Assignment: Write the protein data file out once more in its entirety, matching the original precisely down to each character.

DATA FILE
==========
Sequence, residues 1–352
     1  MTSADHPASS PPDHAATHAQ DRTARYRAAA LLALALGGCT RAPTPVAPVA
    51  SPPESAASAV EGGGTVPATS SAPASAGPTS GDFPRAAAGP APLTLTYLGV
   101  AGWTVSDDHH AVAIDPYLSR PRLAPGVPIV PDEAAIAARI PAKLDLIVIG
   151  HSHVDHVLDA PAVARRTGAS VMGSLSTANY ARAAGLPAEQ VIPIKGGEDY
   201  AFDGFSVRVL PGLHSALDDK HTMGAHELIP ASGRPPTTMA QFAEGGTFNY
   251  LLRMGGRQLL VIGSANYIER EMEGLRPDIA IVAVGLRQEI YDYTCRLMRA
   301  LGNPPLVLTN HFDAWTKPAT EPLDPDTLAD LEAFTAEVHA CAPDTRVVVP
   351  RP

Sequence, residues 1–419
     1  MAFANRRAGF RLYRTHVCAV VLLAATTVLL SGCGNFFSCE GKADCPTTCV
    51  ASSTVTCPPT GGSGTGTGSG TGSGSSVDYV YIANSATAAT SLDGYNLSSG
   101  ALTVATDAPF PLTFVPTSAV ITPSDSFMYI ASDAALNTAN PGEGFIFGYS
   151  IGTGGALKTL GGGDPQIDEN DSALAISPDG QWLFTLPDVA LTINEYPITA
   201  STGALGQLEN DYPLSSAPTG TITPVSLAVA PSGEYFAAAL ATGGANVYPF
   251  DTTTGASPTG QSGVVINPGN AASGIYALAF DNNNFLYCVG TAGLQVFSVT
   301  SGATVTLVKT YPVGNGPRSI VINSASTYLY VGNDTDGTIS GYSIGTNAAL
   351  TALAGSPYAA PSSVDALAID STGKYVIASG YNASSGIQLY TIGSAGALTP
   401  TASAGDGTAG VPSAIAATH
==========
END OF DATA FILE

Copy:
Sequence, residues 1–352
     1  MTSADHPASS PPDHAATHAQ DRTARYRAAA LLALALGGCT RAPTPVAPVA
    51  SPPESAASAV EGGGTVPATS SAPASAGPTS GDFPRAAAGP APLTLTYLGV
   101  AGWTVSDDHH AVAIDPYLSR PRLAPGVPIV PDEAAIAARI PAKLDLIVIG
   151  HSHVDHVLDA PAVARRTGAS VMGSLSTANY ARAAGLPAEQ VIPIKGGEDY
   201  AFDGFSVRVL PGLHSALDDK HTMGAHELIP ASGRPPTTMA QFAEGGTFNY
   251  LLRMGGRQLL VIGSANYIER EMEGLRPDIA IVAVGLRQEI YDYTCRLMRA
   301  LGNPPLVLTN HFDAWTKPAT EPLDPDTLAD LEAFTAEVHA CAPDTRVVVP
   351  RP

Sequence, residues 1–419
     1  MAFANRRAGF RLYRTHVCAV VLLAATTVLL SGCGNFFSCE GKADCPTTCV
    51  ASSTVTCPPT GGSGTGTGSG TGSGSSVDYV YIANSATAAT SLDGYNLSSG
   101  ALTVATDAPF PLTFVPTSAV ITPSDSFMYI ASDAALNTAN PGEGFIFGYS
   151  IGTGGALKTL GGGDPQIDEN DSALAISPDG QWLFTLPDVA LTINEYPITA
   201  STGALGQLEN DYPLSSAPTG TITPVSLAVA PSGEYFAAAL ATGGANVYPF
   251  DTTTGASPTG QSGVVINPGN AASGIYALAF DNNNFLYCVG TAGLQVFSVT
   301  SGATVTLVKT YPVGNGPRSI VINSASTYLY VGNDTDGTIS GYSIGTNAAL
   351  TALAGSPYAA PSSVDALAID STGKYVIASG YNASSGIQLY TIGSAGALTP
   401  TASAGDGTAG VPSAIAATH